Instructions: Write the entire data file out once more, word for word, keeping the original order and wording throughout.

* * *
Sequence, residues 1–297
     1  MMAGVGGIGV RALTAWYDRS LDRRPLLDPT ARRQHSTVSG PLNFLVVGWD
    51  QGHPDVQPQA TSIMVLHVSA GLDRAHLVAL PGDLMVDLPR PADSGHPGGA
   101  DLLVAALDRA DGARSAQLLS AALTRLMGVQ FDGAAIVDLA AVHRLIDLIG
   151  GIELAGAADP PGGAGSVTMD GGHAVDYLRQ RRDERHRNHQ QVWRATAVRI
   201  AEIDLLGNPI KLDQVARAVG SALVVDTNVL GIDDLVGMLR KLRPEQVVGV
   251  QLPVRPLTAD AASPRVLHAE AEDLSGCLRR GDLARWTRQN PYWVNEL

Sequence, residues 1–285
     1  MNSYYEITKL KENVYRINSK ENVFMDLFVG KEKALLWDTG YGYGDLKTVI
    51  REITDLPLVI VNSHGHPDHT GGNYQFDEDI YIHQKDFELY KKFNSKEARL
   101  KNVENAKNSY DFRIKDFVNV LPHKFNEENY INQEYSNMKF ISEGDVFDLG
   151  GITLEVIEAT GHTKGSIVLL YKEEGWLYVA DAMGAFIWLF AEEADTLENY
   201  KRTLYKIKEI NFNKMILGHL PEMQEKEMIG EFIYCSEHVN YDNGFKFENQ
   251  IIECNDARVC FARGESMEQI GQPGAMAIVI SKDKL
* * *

Sequence, residues 1–297
     1  MMAGVGGIGV RALTAWYDRS LDRRPLLDPT ARRQHSTVSG PLNFLVVGWD
    51  QGHPDVQPQA TSIMVLHVSA GLDRAHLVAL PGDLMVDLPR PADSGHPGGA
   101  DLLVAALDRA DGARSAQLLS AALTRLMGVQ FDGAAIVDLA AVHRLIDLIG
   151  GIELAGAADP PGGAGSVTMD GGHAVDYLRQ RRDERHRNHQ QVWRATAVRI
   201  AEIDLLGNPI KLDQVARAVG SALVVDTNVL GIDDLVGMLR KLRPEQVVGV
   251  QLPVRPLTAD AASPRVLHAE AEDLSGCLRR GDLARWTRQN PYWVNEL

Sequence, residues 1–285
     1  MNSYYEITKL KENVYRINSK ENVFMDLFVG KEKALLWDTG YGYGDLKTVI
    51  REITDLPLVI VNSHGHPDHT GGNYQFDEDI YIHQKDFELY KKFNSKEARL
   101  KNVENAKNSY DFRIKDFVNV LPHKFNEENY INQEYSNMKF ISEGDVFDLG
   151  GITLEVIEAT GHTKGSIVLL YKEEGWLYVA DAMGAFIWLF AEEADTLENY
   201  KRTLYKIKEI NFNKMILGHL PEMQEKEMIG EFIYCSEHVN YDNGFKFENQ
   251  IIECNDARVC FARGESMEQI GQPGAMAIVI SKDKL